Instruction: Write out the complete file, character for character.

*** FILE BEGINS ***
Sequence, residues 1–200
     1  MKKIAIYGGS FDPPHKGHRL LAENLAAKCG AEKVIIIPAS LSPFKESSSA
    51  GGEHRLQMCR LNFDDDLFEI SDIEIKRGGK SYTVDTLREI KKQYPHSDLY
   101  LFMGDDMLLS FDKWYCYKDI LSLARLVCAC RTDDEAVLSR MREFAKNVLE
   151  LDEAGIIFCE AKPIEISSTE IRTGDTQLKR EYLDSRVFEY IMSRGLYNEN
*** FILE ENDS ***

Sequence, residues 1–200
     1  MKKIAIYGGS FDPPHKGHRL LAENLAAKCG AEKVIIIPAS LSPFKESSSA
    51  GGEHRLQMCR LNFDDDLFEI SDIEIKRGGK SYTVDTLREI KKQYPHSDLY
   101  LFMGDDMLLS FDKWYCYKDI LSLARLVCAC RTDDEAVLSR MREFAKNVLE
   151  LDEAGIIFCE AKPIEISSTE IRTGDTQLKR EYLDSRVFEY IMSRGLYNEN